from The American Heritage® Dictionary of the English Language, 4th Edition

  • n. A young shoot representing the current season's growth of a woody plant.
  • n. Any small, leafless branch of a woody plant.
  • transitive v. To observe or notice.
  • transitive v. To understand or figure out: "The layman has twigged what the strategist twigged almost two decades ago” ( Manchester Guardian Weekly).
  • intransitive v. To be or become aware of the situation; understand: "As Europe is now twigging, the best breeding ground for innovators who know how to do business is often big, competitive companies” ( Economist).
  • n. Chiefly British The current style; the fashion.

from Wiktionary, Creative Commons Attribution/Share-Alike License

  • n. A small thin branch of a tree or bush.
  • v. To beat with twigs.
  • v. To realise something; to 'catch on'.

from the GNU version of the Collaborative International Dictionary of English

  • n. A small shoot or branch of a tree or other plant, of no definite length or size.
  • transitive v. To twitch; to pull; to tweak.
  • transitive v. To understand the meaning of; to comprehend; as, do you twig me?
  • transitive v. To observe slyly; also, to perceive; to discover.
  • transitive v. To beat with twigs.

from The Century Dictionary and Cyclopedia

  • To switch; beat.
  • To be vigorous or active; be energetic
  • To twitch; jerk.
  • To notice; observe narrowly; watch.
  • To comprehend; understand; perceive; discover.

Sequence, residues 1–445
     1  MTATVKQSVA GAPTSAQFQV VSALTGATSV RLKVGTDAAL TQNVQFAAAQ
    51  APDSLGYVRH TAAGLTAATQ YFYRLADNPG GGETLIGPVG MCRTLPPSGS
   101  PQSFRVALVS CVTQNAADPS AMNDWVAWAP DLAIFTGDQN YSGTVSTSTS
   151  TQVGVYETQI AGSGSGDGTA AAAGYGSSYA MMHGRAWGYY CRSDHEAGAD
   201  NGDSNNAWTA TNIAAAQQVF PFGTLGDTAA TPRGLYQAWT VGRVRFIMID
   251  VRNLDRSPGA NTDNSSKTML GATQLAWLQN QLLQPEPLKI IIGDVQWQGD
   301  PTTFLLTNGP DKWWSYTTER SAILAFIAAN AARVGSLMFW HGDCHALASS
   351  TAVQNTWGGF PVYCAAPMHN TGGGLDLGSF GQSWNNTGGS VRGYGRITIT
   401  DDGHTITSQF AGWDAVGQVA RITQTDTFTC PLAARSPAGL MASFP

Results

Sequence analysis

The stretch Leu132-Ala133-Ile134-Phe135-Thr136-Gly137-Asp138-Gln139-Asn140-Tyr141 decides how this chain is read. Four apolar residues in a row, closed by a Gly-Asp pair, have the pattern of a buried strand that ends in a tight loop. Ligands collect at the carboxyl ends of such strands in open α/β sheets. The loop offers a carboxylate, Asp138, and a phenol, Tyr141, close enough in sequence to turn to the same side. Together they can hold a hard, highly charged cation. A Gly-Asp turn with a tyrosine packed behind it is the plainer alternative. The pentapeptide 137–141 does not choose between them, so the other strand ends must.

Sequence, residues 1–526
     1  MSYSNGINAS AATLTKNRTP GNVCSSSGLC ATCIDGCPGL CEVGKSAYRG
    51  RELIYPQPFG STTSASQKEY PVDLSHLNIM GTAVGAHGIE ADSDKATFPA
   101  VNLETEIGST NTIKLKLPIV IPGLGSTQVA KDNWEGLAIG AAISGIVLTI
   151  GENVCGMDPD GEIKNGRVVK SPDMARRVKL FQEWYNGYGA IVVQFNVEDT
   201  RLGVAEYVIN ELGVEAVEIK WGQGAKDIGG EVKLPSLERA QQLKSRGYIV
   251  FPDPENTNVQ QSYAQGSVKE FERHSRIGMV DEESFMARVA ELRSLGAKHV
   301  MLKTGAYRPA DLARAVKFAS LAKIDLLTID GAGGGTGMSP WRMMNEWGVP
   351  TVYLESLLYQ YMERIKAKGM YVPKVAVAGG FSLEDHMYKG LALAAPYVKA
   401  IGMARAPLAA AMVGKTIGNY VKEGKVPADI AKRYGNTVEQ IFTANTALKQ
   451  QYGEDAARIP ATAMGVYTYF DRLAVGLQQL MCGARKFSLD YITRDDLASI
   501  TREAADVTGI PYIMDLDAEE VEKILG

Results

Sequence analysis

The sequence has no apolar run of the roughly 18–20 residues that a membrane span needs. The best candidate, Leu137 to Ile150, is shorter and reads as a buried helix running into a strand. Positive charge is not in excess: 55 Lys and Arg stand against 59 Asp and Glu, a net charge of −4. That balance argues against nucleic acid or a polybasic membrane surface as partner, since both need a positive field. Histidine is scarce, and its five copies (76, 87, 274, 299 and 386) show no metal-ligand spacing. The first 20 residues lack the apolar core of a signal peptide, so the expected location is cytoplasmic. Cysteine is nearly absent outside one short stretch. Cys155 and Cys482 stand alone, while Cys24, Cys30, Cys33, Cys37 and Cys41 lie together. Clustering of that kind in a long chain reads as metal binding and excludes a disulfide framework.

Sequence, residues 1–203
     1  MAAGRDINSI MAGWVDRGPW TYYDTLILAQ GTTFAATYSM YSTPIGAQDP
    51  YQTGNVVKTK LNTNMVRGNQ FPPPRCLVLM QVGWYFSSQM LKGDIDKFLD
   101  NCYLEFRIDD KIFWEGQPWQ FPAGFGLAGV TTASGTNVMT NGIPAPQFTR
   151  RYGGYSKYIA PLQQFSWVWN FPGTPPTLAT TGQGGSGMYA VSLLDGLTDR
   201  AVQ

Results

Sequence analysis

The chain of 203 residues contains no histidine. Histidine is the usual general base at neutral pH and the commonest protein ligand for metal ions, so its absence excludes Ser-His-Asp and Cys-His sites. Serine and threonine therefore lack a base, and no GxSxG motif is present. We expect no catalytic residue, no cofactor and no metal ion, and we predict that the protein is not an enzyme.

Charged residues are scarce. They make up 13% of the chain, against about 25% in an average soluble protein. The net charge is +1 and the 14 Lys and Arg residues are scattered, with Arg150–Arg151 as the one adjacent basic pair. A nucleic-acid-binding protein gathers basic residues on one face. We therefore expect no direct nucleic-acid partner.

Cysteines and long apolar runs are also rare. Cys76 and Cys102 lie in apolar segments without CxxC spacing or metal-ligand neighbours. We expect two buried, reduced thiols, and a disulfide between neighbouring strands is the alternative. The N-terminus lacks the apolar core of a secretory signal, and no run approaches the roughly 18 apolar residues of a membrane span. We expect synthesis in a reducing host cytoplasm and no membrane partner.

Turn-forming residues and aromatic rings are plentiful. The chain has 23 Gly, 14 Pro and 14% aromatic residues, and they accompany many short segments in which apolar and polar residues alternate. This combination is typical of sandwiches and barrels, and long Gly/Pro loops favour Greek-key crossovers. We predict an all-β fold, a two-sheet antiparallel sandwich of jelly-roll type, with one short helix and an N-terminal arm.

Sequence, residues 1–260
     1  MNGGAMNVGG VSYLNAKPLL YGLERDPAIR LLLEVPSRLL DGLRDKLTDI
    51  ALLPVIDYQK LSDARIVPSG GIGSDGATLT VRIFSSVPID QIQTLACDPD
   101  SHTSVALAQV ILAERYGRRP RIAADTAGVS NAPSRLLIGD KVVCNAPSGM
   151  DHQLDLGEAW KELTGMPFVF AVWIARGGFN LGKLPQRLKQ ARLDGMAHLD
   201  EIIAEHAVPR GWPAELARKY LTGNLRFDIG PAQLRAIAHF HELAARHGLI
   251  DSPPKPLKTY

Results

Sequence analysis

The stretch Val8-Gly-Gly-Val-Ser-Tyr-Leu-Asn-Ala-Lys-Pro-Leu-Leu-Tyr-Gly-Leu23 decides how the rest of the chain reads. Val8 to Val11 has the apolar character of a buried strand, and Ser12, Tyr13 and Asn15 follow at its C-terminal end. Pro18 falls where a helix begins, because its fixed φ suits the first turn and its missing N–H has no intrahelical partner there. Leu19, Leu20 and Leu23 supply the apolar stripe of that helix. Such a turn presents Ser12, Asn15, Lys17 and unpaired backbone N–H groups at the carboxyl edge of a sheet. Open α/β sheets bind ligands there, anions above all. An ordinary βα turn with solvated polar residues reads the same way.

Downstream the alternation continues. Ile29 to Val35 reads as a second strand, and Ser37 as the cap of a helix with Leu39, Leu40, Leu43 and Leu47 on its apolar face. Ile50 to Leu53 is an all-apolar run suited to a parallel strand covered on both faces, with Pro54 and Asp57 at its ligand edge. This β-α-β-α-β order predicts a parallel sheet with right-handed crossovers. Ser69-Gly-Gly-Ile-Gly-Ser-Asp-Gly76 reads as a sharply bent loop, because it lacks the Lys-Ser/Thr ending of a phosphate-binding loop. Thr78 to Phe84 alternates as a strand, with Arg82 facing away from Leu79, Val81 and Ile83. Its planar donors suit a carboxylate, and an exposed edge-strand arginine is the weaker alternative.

• To understand; see; “catch on.
  • n. In anatomy, one of the minute branches of a blood-vessel.
  • n. A small shoot of a tree or other plant; a small branch; a spray.
  • n. A divining-rod.
  • n. In ceramics, a thin strip of prepared clay used in modeling a pottery vessel, especially in the imitation basket work common in Leeds pottery.
  • n. A twitch; a jerk; a quick, sudden pull.

from WordNet 3.0 Copyright 2006 by Princeton University. All rights reserved.

  • v. branch out in a twiglike manner
  • n. a small branch or division of a branch (especially a terminal division); usually applied to branches of the current or preceding year
  • v. understand, usually after some initial difficulty


from The American Heritage® Dictionary of the English Language, 4th Edition

Middle English, from Old English twigge; see dwo- in Indo-European roots.
Irish Gaelic tuigim, I understand, from Old Irish tuicim.
Origin unknown.

from Wiktionary, Creative Commons Attribution/Share-Alike License

Old English twigge, from Proto-Germanic *twīgan (compare West Frisian twiich, Dutch twijg, German Zweig), from Proto-Indo-European *dwigha (compare Old Church Slavonic dvigŭ 'branch', Albanian degë 'id.'), from *dwó 'two'. More at two.

from Wiktionary, Creative Commons Attribution/Share-Alike License

From Irish and Scots Gaelic tuig, "to understand"



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